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HomeNewsIllicit drugs may now be cheaper than rice in Myanmar's cities

Illicit drugs may now be cheaper than rice in Myanmar’s cities

FROM THE DVB NEWSROOM

“How much do you want? If you purchase in larger quantities, I’ll even throw in a little extra as a gift,” said *Min Min trying to entice his customer to buy more illicit drugs.

In Yangon, Myanmar’s commercial capital, Min Min deals drugs in a low-income area. He sells marijuana and tablets with WY imprinted on them. These tablets are a synthetic drug composed of methamphetamine and caffeine and is known under various names throughout the region, but most commonly as “ya ba [crazy medicine]” in the Thai language. 

Min Min pays regular bribes to military regime officials to keep himself out of prison and harm’s way. He says he can operate out in the open as long as he keeps the money flowing into military coffers. “The price of a WY tablet depends on its quality. Those from Thailand are the most expensive. Locals can’t afford [it],” Min Min explained.

WY tablets range in price depending on the area of the city from K700-1,500 (up to $0.60 USD). Before the 2021 military coup the cost in Yangon was K1,500-2,000 ($0.80 USD). 

Note: The official exchange rate in Myanmar is K2,100 and the unofficial rate is K3,330 per $1 USD. 

Min Min says many young people have become addicted to WY tablets. They now resort to begging, or even theft, to maintain the drug addiction. “[Drug addicts] have turned to criminal activities, like theft,” said a Yangon resident.

Township authorities note there has been a rise in drug-related crime across Yangon, but police seem not to be active in investigating. “Drugs are abundant, and unemployed young people are falling victim to addiction, leading to an increase in robberies and murders,” added the Yangon resident. 

There have even been reported cases of drug overdoses and deaths resulting from drug consumption at nightclubs in Myanmar. A 19-year-old died at a KTV (Karaoke Television) restaurant in Muse town of Shan State, located near the China-Myanmar border.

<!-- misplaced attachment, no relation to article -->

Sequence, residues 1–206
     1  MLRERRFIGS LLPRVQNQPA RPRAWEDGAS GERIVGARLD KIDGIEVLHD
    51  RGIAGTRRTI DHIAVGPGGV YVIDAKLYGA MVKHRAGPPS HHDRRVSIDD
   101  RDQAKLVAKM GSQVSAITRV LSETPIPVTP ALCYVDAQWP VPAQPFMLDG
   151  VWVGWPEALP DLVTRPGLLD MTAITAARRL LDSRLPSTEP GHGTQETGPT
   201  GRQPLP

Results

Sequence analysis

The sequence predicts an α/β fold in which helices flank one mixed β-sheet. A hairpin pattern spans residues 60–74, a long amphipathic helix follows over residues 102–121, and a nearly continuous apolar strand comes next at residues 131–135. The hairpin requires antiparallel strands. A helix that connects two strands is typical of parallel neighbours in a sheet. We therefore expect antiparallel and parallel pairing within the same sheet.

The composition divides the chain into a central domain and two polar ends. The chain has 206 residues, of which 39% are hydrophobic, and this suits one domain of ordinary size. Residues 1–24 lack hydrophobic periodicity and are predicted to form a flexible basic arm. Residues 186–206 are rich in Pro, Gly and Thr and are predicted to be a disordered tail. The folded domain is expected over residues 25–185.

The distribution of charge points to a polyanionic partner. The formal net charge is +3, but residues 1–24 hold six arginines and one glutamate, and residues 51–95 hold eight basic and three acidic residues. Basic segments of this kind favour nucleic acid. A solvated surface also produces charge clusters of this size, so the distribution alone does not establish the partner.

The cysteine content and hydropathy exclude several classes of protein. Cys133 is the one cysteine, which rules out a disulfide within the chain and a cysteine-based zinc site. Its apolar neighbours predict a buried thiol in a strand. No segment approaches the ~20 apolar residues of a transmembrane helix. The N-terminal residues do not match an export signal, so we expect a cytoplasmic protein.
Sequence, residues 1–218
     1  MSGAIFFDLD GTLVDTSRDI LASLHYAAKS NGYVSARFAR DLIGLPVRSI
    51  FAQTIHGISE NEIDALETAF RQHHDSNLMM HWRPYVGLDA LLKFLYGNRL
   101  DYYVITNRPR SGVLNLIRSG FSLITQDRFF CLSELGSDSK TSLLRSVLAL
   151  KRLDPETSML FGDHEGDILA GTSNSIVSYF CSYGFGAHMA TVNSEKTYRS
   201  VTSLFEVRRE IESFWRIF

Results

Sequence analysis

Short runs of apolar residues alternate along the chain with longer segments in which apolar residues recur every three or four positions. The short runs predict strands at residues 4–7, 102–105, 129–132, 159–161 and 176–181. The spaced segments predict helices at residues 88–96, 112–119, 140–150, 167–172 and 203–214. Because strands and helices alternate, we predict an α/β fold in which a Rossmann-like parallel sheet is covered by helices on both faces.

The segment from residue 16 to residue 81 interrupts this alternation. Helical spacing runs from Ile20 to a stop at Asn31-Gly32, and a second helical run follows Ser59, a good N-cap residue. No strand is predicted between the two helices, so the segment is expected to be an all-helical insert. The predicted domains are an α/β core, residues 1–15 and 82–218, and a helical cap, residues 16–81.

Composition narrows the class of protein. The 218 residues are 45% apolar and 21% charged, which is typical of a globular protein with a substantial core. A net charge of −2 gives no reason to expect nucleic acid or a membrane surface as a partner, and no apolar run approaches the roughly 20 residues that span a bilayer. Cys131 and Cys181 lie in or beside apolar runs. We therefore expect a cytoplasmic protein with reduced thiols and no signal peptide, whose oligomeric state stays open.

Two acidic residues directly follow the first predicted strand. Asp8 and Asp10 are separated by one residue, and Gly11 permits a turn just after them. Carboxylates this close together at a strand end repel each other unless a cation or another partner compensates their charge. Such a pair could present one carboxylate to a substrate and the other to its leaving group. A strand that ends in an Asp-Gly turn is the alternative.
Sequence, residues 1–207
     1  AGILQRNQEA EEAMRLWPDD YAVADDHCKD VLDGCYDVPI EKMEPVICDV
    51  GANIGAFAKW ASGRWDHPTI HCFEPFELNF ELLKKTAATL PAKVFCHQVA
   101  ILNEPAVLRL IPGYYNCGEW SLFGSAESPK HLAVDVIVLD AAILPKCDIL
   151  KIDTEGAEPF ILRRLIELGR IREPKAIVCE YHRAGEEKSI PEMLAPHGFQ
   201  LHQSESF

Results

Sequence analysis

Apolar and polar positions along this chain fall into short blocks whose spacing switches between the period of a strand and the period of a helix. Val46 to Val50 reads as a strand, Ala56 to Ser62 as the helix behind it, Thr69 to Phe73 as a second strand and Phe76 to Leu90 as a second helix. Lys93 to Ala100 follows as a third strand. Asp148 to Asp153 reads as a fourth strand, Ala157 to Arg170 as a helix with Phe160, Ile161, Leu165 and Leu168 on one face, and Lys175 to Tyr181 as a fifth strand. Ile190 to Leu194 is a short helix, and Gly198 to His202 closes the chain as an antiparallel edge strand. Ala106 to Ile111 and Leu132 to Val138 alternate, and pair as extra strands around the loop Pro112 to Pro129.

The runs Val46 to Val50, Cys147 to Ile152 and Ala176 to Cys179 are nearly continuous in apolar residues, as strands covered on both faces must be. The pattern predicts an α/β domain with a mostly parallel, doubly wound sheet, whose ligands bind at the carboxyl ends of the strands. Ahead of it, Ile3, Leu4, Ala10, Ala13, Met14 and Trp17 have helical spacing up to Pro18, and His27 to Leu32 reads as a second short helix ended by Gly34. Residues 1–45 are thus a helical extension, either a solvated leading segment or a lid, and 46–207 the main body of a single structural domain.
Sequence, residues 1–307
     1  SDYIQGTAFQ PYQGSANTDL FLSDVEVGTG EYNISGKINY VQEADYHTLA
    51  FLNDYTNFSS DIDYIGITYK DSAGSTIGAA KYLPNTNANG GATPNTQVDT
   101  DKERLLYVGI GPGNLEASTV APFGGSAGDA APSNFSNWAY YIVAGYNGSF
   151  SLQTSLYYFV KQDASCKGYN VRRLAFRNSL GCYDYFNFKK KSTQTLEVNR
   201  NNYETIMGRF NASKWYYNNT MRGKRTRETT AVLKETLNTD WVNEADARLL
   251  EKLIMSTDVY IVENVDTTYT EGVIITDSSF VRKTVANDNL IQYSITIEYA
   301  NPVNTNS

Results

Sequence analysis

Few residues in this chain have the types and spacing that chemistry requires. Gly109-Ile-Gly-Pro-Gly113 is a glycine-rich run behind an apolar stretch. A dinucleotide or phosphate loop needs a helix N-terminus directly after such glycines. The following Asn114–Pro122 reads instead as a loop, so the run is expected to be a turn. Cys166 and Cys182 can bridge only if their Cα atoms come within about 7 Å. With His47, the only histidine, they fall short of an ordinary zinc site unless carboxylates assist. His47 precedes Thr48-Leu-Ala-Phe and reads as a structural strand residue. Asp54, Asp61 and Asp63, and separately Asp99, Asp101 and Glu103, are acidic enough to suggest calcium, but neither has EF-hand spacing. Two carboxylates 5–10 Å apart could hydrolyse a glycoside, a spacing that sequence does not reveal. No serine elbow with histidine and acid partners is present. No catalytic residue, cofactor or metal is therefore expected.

Over the last two years, illicit drugs have proliferated nationwide, and the prices have dropped considerably, according to Min Min. Meanwhile the price of essential goods have skyrocketed due to the inflation caused by the military regime’s economic mismanagement.

The price of illicit drugs has decreased to the point where it can be considered cheaper than rice – a basic food staple in Myanmar. The price of rice has tripled since the 2021 coup and is now K3,500-4,000 ($1.30 USD) per 2 kgs. 

The United Nations Office on Drugs and Crime (UNODC) states that this year opium cultivation has surged by 33 percent. The military regime is primarily focused on suppressing resistance to its rule rather than drug production. 

In some cases, authorities are suspected of cooperating with drug dealers like Min Min, keeping the nation’s youth subdued and intoxicated rather than politically-active, which would threaten the nations path to a seamless transition back to military rule in Myanmar.

*name changed to protect identity

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